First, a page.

0:19 So, what we do, we start by using some tissue to blow our nose and completely make sure that our nose is as clear as we can get it.
0:27 Then you take your nasal spray, remove the cover there. Take the nozzle - and that's going to go into one nostril.
0:36 When you put it into your nostril, point it towards your ear so it will be at that angle.
0:42 To start with, you put your head all the way down - so tilt your head forwards, pop it into your nostril and point it towards the ear.
0:52 Hold this nostril gently and then just do a gentle push of the spray
0:58 And then just slightly breathe it in.
1:01 It needs to work on the nasal lining there.
1:04 And then you do the same thing with the other side - so you tilt your head down, pop it in so it's pointing to the other ear.
1:13 Cover this nostril very slightly, and spray.
1:19 And then just breathe in gently.
Using a nasal spray:
- Clear your nose by blowing into a tissue.
- Put your chin to your chest.
- Hold the spray in your right hand for spraying into your left nostril and put the nasal spray into your nostril – make sure it's pointing to the side of your nose, towards your ear
- Spray the nasal spray while breathing in slowly through your nose. But DO NOT sniff when you breathe in as this will take the spray into your throat and you'll swallow it, rather than keep it in your nose.
Eye drops are the quickest and most efficient way to soothe itchy, runny eyes. Some steroid nasal sprays do this job too, so check whether you need both.
Tried and tested tips you can try at home to manage hay fever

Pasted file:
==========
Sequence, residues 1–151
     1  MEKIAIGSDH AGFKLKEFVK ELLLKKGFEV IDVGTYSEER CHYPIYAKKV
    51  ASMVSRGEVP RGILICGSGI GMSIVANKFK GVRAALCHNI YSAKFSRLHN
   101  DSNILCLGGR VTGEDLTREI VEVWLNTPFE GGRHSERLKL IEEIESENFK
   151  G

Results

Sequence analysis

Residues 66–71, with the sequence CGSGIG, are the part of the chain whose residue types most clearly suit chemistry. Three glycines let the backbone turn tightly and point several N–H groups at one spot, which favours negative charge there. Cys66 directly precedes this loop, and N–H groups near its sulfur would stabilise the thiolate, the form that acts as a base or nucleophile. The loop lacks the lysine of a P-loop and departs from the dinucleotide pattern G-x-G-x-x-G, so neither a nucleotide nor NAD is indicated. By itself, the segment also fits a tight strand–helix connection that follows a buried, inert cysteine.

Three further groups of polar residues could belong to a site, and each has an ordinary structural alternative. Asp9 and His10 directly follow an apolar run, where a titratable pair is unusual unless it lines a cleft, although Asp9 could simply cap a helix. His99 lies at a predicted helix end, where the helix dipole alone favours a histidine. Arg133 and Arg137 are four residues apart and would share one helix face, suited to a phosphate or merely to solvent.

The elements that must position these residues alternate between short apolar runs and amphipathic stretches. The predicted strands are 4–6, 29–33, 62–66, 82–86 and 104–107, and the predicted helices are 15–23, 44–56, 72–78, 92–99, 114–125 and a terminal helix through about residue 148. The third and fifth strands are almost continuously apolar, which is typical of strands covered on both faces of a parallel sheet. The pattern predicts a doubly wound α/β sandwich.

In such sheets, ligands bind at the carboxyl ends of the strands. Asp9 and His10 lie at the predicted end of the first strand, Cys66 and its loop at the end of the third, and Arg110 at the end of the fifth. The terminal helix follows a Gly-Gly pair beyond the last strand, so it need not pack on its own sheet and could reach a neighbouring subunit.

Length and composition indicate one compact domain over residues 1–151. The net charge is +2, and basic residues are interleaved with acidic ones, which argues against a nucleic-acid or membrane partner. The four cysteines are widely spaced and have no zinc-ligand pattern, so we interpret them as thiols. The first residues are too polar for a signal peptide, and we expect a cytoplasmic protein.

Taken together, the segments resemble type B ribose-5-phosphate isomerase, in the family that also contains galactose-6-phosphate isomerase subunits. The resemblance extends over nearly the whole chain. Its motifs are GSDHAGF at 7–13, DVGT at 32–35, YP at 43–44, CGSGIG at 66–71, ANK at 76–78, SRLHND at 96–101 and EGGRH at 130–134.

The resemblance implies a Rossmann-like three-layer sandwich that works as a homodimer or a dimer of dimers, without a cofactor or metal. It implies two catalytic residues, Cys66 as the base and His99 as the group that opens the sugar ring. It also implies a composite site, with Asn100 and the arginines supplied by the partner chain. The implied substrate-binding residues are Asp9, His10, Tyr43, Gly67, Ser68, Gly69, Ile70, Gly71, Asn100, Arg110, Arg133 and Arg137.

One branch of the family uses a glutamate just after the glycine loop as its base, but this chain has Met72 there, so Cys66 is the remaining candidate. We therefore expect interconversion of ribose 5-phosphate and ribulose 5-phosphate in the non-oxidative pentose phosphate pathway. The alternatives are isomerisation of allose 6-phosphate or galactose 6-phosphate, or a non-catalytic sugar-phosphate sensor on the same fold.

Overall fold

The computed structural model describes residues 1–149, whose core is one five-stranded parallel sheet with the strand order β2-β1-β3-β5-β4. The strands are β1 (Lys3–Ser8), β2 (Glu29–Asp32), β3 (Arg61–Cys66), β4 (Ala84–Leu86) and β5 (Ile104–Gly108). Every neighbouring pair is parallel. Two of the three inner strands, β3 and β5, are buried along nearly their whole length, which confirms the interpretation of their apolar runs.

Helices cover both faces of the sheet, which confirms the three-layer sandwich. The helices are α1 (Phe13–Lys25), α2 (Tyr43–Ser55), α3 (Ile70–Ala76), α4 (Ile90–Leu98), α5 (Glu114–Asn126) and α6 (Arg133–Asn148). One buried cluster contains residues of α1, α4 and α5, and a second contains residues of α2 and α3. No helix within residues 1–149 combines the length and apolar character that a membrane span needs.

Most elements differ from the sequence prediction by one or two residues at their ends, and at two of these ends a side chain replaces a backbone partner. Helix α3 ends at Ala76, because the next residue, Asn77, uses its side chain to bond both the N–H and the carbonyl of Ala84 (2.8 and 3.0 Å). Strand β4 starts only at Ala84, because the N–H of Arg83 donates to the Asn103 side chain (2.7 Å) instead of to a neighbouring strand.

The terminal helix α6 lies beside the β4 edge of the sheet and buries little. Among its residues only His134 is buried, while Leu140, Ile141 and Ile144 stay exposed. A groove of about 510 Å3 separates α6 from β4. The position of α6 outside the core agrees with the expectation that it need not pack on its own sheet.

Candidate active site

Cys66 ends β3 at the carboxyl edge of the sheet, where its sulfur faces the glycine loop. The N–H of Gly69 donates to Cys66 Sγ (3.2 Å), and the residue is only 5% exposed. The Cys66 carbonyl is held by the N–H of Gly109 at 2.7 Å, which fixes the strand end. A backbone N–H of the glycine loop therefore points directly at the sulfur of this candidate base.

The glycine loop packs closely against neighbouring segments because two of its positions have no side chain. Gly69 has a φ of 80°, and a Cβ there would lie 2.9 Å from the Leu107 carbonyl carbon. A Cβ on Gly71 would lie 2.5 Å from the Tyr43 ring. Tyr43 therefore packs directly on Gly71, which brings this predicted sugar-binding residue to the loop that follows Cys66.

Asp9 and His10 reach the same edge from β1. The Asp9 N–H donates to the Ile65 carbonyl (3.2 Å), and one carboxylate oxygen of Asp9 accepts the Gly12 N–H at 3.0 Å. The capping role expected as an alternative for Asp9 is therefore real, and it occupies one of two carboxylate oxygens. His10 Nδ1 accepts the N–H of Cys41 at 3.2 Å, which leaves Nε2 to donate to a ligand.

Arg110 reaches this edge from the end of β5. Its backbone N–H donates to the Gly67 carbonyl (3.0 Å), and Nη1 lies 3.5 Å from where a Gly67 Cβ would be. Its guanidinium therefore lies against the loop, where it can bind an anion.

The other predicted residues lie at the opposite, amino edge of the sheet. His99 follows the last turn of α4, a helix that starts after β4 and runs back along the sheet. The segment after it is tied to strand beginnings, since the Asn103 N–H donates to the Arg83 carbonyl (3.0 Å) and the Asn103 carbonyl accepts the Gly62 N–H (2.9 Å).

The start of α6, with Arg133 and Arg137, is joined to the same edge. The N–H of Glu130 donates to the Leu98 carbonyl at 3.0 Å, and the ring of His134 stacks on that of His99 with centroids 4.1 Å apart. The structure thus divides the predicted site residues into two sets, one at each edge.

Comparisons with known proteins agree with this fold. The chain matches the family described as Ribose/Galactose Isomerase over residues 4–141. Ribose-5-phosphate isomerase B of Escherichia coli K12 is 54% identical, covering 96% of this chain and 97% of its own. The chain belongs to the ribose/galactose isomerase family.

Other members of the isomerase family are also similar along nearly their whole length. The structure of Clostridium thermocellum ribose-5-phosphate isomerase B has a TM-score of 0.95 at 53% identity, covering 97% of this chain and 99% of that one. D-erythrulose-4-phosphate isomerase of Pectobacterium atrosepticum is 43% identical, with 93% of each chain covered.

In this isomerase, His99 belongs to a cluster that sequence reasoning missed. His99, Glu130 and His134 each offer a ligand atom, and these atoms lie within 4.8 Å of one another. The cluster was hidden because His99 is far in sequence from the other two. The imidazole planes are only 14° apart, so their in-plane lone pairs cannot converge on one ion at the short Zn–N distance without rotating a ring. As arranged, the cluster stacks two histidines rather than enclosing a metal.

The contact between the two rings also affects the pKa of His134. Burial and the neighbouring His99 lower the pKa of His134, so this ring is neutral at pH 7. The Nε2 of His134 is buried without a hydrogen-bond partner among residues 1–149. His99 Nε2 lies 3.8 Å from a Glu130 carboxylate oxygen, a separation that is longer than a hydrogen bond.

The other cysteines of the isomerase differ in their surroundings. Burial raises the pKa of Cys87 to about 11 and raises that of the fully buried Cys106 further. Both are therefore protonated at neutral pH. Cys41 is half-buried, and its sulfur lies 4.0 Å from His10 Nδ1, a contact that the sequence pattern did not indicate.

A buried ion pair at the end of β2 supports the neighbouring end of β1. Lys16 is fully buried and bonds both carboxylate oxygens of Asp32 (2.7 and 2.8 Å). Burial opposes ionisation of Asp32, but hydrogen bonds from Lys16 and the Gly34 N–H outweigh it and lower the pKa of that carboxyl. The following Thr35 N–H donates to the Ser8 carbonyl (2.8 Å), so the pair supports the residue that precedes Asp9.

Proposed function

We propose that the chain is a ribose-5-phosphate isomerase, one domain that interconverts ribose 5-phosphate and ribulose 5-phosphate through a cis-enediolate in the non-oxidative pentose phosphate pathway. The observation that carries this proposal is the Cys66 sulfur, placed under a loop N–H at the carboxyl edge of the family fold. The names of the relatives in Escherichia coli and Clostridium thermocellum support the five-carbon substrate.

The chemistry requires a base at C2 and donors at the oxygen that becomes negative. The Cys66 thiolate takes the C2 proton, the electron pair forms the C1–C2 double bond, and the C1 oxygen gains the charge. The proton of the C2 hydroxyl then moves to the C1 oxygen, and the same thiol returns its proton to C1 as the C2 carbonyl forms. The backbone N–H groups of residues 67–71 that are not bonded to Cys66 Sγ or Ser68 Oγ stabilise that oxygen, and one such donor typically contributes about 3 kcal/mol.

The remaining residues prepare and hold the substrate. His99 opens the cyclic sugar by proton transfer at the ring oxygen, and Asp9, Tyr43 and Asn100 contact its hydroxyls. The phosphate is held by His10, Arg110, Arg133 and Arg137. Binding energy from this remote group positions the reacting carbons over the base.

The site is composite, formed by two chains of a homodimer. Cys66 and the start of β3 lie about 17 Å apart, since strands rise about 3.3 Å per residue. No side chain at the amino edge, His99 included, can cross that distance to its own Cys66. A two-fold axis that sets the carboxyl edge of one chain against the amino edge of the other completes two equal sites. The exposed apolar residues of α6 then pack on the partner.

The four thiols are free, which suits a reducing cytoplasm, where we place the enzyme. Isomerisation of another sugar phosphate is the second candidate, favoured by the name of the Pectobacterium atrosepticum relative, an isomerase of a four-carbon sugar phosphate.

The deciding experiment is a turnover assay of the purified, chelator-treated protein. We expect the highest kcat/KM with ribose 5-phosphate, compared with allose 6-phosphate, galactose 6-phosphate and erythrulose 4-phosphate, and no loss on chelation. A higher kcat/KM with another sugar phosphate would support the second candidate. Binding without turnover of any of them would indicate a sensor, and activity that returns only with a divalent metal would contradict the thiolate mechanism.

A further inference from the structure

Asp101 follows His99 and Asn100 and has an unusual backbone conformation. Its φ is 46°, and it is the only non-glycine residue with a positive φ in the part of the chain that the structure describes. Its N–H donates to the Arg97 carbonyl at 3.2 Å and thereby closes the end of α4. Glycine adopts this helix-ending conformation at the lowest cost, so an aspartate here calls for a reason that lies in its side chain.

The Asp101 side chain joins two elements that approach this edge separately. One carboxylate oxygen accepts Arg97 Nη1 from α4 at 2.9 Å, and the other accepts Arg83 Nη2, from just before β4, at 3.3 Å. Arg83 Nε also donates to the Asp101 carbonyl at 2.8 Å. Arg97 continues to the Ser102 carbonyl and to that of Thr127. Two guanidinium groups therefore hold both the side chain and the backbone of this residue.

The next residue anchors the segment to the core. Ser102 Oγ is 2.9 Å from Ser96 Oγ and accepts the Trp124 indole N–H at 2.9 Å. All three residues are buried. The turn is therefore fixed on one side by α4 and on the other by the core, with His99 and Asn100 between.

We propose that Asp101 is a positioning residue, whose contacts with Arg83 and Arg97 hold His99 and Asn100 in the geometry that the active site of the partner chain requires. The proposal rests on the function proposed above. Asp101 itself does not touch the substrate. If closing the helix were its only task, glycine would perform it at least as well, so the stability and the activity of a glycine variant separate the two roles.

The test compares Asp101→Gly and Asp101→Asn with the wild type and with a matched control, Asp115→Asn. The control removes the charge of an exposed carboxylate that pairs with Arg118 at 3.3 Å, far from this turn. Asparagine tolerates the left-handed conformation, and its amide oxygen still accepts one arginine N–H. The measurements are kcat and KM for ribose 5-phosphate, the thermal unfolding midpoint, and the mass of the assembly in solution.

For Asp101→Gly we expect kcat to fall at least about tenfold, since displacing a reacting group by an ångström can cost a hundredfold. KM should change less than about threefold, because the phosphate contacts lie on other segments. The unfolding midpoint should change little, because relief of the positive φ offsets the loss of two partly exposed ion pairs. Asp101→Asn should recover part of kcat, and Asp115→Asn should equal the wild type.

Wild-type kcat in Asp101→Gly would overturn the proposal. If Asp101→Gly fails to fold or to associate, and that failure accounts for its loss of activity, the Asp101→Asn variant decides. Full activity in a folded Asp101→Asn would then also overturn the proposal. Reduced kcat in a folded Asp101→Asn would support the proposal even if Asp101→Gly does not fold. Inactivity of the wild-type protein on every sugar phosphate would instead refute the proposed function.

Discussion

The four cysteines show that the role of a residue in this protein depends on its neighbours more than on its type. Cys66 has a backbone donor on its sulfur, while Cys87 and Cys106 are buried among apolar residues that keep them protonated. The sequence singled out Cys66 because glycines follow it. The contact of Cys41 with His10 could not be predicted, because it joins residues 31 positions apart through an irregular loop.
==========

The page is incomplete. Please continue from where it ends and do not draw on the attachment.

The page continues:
- Help clean out your nose with a saline wash from the chemist – also called nasal douching. It’ll make you more comfortable and it’ll help nasal sprays work better if you douche first.
- Put petroleum jelly round your nose to trap pollen before it gets into your lungs.
- Change your clothes and have a shower when you come home – pollen can get caught in clothing and hair.
- Pollen drifts downwards as the air cools at night, so try keep your windows shut if your symptoms are keeping you awake.
If your hay fever isn’t improving, see your GP
Your hay fever needs to be under control to stop it triggering your asthma symptoms or even an asthma attack. So, if your symptoms don’t go away with the usual treatments, or you are noticing your asthma symptoms getting worse, see your GP.
They may recommend one of these treatment options:
Montelukast to help with asthma and hay fever
Montelukast tablets can be taken alongside your inhalers, they can help both asthma and hay fever. They’re a medicine type called Leukotriene Receptor Antagonists (LTRAs) and they’re sometimes prescribed to people with asthma anyway.
Seeing an allergy specialist
A specialist will probably test your allergies to understand the specific triggers and might recommend immunotherapy – see the NHS website for more information.
If you get severe asthma symptoms triggered by allergies, and you can't manage your symptoms well with inhaled steroids or steroid tablets, the specialist may suggest injections of a new type of drug called monoclonal antibodies (sometimes called ‘MABS’) as an option.
Would you like to talk to an asthma nurse about your hay fever?
- Call our nurses on 0300 222 5800, 9am-5pm, Monday-Friday.
- WhatsApp them on 07378 606728.
- Or use the Helpline Contact Form.
Last reviewed April 2019
Next review due April 2022